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Today's Stichomancy for Angelina Jolie

The first excerpt represents the past or something you must release, and is drawn from The Taming of the Shrew by William Shakespeare:

that have been candle-cases, one buckled, another laced; an old rusty sword ta'en out of the town armoury, with a broken hilt, and chapeless; with two broken points: his horse hipped with an old mothy saddle and stirrups of no kindred; besides, possessed with the glanders and like to mose in the chine; troubled with the lampass, infected with the fashions, full of windgalls, sped with spavins, rayed with the yellows, past cure of the fives, stark spoiled with the staggers, begnawn with the bots, swayed in the back and shoulder-shotten; near-legged before, and with a half-checked bit, and a head-stall of sheep's leather, which, being restrained to keep him from stumbling, hath been often


The Taming of the Shrew
The second excerpt represents the present or the deciding factor of the moment, and is drawn from The First Men In The Moon by H. G. Wells:

the retreating waves still came and went.

I did not attempt to stand up. It seemed to me that my body must be suddenly changed to lead. Mother Earth had her grip on me now - no Cavorite intervening. I sat down heedless of the water that came over my feet.

It was dawn, a gray dawn, rather overcast but showing here and there a long patch of greenish gray. Some way out a ship was lying at anchor, a pale silhouette of a ship with one yellow light. The water came rippling in in long shallow waves. Away to the right curved the land, a shingle bank with little hovels, and at last a lighthouse, a sailing mark and a point. Inland stretched a space of level sand, broken here and there by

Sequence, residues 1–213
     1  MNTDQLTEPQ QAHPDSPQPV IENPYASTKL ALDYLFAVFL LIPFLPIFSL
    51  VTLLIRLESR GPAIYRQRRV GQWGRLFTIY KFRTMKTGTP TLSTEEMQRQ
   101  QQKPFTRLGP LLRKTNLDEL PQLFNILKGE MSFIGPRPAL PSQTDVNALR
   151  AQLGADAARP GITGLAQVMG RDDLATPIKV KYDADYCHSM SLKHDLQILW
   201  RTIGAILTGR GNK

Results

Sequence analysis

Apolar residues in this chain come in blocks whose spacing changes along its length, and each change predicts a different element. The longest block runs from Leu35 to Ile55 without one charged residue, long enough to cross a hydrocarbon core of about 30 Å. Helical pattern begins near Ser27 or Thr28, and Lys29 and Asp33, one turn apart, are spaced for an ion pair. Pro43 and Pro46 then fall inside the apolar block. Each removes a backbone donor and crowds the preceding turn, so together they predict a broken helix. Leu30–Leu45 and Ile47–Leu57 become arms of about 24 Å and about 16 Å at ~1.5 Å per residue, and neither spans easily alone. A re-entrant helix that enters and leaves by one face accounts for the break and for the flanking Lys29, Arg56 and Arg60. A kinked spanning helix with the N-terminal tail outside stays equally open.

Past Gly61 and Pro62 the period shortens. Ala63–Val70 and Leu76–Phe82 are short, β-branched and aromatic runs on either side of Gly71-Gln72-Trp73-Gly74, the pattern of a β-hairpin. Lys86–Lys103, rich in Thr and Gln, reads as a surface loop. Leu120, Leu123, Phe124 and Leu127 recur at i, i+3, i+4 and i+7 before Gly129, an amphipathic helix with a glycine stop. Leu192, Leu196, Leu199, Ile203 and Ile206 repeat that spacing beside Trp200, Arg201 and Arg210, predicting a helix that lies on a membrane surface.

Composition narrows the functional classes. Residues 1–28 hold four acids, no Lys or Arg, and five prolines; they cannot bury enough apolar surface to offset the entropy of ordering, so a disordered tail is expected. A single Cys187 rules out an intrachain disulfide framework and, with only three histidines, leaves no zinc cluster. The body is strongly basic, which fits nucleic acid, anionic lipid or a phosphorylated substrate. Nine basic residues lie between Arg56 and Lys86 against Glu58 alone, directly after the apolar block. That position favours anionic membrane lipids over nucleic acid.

The First Men In The Moon
The third excerpt represents the future or something you must embrace, and is drawn from In the South Seas by Robert Louis Stevenson:

on the ocean beach, where I went daily. I was the KAUPOI, the rich man; my tobacco and trade were known to be endless: he was sure of a present. I am at a loss how to explain his behaviour, unless it be supposed that he recalled with terror and regret a passage in our interview. Here it is:

'The king, he good man?' I asked.

'Suppose he like you, he good man,' replied Te Kop: 'no like, no good.'

That is one way of putting it, of course. Te Kop himself was probably no favourite, for he scarce appealed to my judgment as a type of industry. And there must be many others whom the king (to